While schools are currently closed due to the ongoing COVID-19 crisis, it’s important to consider how things will work when we eventually send our kids back. One of the biggest frustrations for many parents is when their child faces bullying from other kids.
When your child comes home from school with a significant injury, your first instinct may be bewilderment or confusion. You could be unsure about how to prevent further harm. However, there are legal ways to protect your family (and yourself) if need be:
If a minor gets injured on school property, those in charge may get held liable. Lack of adult supervision on a playground or other common school area can lead to serious pain for a child. Physical attacks from another student fall under any teacher or other professional’s area of supervision.
However, not all instances of bullying arise because of negligence on the part of an official. Therefore, it is important to know who else may be liable.
When addressing the incident, the blame may fall on multiple people. Another child could be the one to harm your son or daughter, and the child’s parents may be responsible for any charges against their child.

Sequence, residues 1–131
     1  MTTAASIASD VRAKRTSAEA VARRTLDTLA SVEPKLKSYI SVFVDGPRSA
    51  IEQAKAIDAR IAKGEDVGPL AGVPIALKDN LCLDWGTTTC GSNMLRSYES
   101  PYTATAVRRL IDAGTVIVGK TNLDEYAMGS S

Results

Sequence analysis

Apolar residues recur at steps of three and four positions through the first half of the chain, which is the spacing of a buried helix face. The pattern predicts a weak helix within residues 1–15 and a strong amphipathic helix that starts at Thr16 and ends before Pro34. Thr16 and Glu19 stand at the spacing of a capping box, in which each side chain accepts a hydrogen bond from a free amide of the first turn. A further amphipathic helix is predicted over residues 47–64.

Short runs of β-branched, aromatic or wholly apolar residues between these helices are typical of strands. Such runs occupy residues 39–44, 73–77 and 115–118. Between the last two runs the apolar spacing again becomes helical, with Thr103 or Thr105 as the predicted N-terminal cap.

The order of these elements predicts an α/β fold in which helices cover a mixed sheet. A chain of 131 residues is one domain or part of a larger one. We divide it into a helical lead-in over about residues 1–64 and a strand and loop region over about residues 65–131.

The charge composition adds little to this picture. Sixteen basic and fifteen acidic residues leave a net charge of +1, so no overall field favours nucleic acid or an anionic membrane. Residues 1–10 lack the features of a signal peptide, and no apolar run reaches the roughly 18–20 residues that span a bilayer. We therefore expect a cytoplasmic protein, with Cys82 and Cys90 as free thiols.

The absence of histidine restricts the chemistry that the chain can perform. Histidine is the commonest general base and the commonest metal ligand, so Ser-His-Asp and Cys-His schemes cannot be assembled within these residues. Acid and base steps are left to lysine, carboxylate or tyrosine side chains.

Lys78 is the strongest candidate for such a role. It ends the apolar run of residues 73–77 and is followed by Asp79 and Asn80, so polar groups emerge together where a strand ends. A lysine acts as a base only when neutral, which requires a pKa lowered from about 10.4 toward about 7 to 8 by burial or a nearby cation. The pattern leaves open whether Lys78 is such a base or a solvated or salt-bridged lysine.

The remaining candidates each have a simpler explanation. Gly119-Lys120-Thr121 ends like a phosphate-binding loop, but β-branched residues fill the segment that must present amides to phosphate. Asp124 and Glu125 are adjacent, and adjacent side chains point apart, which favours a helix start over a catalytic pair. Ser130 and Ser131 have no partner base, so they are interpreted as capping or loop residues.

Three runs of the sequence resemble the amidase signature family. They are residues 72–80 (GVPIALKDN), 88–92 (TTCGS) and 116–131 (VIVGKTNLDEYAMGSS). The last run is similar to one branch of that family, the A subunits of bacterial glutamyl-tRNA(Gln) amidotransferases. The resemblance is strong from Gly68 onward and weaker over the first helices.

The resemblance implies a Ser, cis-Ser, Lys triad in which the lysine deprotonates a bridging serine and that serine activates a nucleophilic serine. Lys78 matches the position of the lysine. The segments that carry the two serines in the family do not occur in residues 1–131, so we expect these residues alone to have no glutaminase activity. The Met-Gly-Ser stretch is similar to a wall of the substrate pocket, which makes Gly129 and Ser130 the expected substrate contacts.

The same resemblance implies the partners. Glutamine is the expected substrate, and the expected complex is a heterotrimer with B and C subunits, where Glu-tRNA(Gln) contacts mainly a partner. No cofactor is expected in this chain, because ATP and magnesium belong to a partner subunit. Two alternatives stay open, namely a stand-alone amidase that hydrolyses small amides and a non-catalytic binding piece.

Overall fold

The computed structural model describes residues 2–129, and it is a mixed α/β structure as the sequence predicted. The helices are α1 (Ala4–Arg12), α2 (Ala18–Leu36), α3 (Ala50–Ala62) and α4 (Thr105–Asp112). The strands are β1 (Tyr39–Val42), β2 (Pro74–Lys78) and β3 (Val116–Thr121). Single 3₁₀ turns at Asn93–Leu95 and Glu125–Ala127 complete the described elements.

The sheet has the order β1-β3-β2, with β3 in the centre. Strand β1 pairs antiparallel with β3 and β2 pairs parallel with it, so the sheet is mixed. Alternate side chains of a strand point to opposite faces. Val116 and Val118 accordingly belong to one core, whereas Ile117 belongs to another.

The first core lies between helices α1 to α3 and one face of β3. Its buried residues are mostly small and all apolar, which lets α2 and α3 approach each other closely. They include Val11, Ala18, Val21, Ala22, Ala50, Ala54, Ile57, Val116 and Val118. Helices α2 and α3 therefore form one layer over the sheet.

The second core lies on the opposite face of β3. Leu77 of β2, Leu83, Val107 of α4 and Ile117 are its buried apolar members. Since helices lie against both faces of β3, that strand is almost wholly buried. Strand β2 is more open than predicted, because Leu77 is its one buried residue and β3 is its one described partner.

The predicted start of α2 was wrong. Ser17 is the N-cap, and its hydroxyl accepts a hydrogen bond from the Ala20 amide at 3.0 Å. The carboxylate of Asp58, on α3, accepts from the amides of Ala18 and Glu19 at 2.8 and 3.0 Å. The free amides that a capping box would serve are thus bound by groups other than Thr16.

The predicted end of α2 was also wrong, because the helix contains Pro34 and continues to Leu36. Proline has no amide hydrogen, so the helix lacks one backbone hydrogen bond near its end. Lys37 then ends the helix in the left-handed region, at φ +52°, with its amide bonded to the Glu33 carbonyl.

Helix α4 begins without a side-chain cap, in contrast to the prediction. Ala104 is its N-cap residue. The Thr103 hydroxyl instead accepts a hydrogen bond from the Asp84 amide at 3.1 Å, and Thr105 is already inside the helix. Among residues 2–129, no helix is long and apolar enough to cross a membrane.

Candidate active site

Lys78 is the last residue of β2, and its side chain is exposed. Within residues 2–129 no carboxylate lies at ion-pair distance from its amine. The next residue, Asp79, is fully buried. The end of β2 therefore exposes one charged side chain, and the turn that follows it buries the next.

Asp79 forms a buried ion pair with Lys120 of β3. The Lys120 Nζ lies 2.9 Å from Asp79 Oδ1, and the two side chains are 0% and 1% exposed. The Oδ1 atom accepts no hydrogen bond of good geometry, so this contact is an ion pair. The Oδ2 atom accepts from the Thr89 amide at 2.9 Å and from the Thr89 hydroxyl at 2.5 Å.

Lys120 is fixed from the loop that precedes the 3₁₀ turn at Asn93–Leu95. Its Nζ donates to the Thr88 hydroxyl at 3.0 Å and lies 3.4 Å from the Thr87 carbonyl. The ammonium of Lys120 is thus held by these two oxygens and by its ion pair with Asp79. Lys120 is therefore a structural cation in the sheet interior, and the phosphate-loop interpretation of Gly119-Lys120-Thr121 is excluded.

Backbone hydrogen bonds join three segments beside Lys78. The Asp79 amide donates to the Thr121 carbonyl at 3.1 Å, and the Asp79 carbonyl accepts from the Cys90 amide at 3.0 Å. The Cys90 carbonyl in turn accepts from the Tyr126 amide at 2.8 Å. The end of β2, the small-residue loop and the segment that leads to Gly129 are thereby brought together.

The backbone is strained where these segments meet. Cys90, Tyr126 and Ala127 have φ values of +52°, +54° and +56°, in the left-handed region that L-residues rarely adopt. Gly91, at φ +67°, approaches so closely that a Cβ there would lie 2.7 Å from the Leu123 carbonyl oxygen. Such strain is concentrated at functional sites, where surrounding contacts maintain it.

If the child is underage, it is likely he or she will not bear the brunt of any consequences. In that case, his or her parents would be liable for damages. Older teens who act deliberately are more likely to face individual consequences without parental liability.
The school employees may share part of the blame since they have a duty of care to the students attending class. If bullying happened previously, the proper amount of time to act on a threat of the offending student may get taken into account. If your child sustained injuries multiple times from another student, it can lead to a stronger case against the school.
If you’re worried about the bullying your child has been facing at school, talking to the attorneys at Anderson, Moschetti & Taffany, PLLC can be a good first step towards addressing the problem.